But the film is also arguably about how easy it is for people to only see their expectations instead of the truth, and to overlook important details while they’re living out their own internal dramas. And it could just as easily be described as exploring the ways past trauma does or doesn’t explain or excuse people’s behavior.
Is it good?
I See You isn’t for everyone. The kind of people who walk into a movie expecting a given experience and get furious when, say, Cloverfield or No Country for Old Men or It Comes at Night don’t play out as they imagined, aren’t going to enjoy this movie. Neither are people who love formulaic dramas and can tolerate trailers that confirm every single story beat in a film. Even certain kinds or horror fans, who expect gobs of gore or numbing terror, may come out of it complaining. I See You is tense but only occasionally terrifying. No one’s going to be spreading Hereditary-style advance word about how it’s the scariest thing ever.
But for people who specifically prize meticulous story-craft and the ability to dodge broad genre clichés, I See You is a rare gift. It’s a tension experience that gives way to a long series of narrative surprises and payoffs, some of which viewers may not even realize they were primed to want until they arrive at the moment. This is a project for fans of Memento or Timecrimes, the kind of intricate puzzle-movies where all the pieces fit together with well-tooled precision.
None of that would matter if the dramatic segment were poorly executed. Instead, I See You dodges clichés equally adroitly in terms of directorial style. The score, by first-time film composer William Arcane, is unconventional and startling. (During one post-screening Q&A at SXSW, the filmmakers discussed how Arcane used unconventional instruments to produce the score, including wire clothes hangers. “I think at one point he said he’d got a bone clarinet, and he’d smashed holes in it, and he was making music out of things like that,” music supervisor Will Quiney said.) The cinematography is subdued but crisp, with an emphasis on artfully lit faces, producing an effect that looks more like a family drama than a supernatural horror movie. And the cast helps keep the tone subdued, yet intense.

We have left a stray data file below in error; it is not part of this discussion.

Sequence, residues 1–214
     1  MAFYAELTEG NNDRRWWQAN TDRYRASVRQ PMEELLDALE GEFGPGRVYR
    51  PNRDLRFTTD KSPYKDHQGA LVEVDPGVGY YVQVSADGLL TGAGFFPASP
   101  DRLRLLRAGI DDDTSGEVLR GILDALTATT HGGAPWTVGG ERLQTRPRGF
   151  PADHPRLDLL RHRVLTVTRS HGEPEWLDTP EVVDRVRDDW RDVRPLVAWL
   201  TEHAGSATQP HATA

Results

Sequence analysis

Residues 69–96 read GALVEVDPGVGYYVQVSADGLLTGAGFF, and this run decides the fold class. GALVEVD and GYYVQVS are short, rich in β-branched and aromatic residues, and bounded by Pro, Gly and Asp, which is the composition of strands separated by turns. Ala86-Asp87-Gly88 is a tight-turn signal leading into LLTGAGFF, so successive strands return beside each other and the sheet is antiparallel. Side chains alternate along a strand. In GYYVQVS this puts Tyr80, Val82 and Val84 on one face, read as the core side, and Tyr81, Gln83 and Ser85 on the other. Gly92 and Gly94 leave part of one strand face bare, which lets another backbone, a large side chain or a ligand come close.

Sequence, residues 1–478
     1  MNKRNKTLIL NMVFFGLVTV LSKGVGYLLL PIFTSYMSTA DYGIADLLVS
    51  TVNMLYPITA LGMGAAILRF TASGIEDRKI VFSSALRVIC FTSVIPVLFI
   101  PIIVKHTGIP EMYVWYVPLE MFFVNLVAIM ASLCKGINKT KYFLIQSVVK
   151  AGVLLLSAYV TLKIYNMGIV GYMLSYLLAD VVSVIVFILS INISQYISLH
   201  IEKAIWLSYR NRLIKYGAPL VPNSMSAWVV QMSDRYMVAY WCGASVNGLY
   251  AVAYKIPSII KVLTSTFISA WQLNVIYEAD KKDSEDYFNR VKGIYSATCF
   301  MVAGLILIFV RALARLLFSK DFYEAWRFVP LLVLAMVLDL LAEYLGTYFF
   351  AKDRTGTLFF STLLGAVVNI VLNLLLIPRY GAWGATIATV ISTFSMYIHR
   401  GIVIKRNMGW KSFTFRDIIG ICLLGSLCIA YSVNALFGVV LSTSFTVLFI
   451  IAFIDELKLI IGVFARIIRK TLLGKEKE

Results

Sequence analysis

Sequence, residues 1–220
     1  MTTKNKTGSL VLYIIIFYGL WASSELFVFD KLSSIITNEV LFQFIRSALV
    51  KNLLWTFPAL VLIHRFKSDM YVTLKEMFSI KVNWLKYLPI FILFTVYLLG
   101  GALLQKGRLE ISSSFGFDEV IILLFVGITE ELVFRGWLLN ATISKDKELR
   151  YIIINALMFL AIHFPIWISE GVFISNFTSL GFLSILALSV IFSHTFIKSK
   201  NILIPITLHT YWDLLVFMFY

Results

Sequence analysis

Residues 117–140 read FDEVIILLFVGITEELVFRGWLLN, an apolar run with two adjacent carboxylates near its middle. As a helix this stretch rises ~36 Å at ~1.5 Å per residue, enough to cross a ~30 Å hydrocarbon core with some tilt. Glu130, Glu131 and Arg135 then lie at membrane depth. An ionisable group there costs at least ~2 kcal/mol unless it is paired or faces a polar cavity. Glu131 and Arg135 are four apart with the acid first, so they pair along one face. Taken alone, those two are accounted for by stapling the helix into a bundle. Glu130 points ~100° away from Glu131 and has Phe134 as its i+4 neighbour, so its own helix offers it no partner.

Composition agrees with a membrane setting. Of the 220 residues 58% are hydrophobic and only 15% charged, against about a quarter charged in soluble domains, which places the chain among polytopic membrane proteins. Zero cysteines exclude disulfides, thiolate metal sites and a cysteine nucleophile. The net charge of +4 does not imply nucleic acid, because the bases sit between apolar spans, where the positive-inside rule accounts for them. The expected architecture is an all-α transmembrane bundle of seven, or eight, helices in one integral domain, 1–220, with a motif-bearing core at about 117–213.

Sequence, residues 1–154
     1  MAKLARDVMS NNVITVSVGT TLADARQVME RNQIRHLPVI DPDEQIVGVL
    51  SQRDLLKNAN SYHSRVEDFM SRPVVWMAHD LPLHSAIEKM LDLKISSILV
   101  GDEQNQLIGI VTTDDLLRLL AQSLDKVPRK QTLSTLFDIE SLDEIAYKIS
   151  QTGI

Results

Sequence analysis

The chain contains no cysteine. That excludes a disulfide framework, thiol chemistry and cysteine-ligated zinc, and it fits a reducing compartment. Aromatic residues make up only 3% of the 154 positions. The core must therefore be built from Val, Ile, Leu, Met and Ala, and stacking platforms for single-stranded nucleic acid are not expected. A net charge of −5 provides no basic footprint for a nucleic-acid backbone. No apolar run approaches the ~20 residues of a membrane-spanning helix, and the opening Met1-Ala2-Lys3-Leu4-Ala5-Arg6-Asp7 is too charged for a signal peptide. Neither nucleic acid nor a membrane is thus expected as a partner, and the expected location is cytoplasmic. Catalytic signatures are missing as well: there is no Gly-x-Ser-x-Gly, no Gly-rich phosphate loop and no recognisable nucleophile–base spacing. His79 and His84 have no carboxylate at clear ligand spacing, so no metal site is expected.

But above all, I See You relies on its script, which builds up expectations in order to upend them, then uses its new paradigm to create a new set of anticipations. Every time the audience thinks it understands the games being played and tries to get ahead of the film, the story pulls out a new development, all the way up to the film’s final moments. It’s the kind of mystery that feels impossible to predict, even though all the clues are laid out in plain sight.
What should it be rated?
It could pass for PG. I See You is surprisingly short on graphic violence and completely devoid of nudity or sexual situations. There are some adult themes, but apart from the profanity, there’s startlingly little in this movie that couldn’t have played on-screen in the 1940s or ‘50s, when this particular brand of carefully crafted audience-tease was more common. With relatively few changes, this could have played as a double feature with Alfred Hitchcock’s The Lady Vanishes, another intricate “What’s the truth here?” mystery that rewards viewers for paying close attention.
How can I actually watch it?
I See You is currently seeking American distribution, so there’s no release date yet, but it seems inevitable that it’ll make it to theaters at some point. Just don’t mistake it for the other 2019 release called I See You (about a vlogger who accidentally captures crimes on camera), or 2016’s I See You (a Bollywood romance about a man in love with an apparent ghost), or 2016’s I See You.com (about a teenager who gets rich by filming his family’s bad behavior and streaming it online). In fact, don’t be hugely surprised if this eventually gets released with a more distinctive title.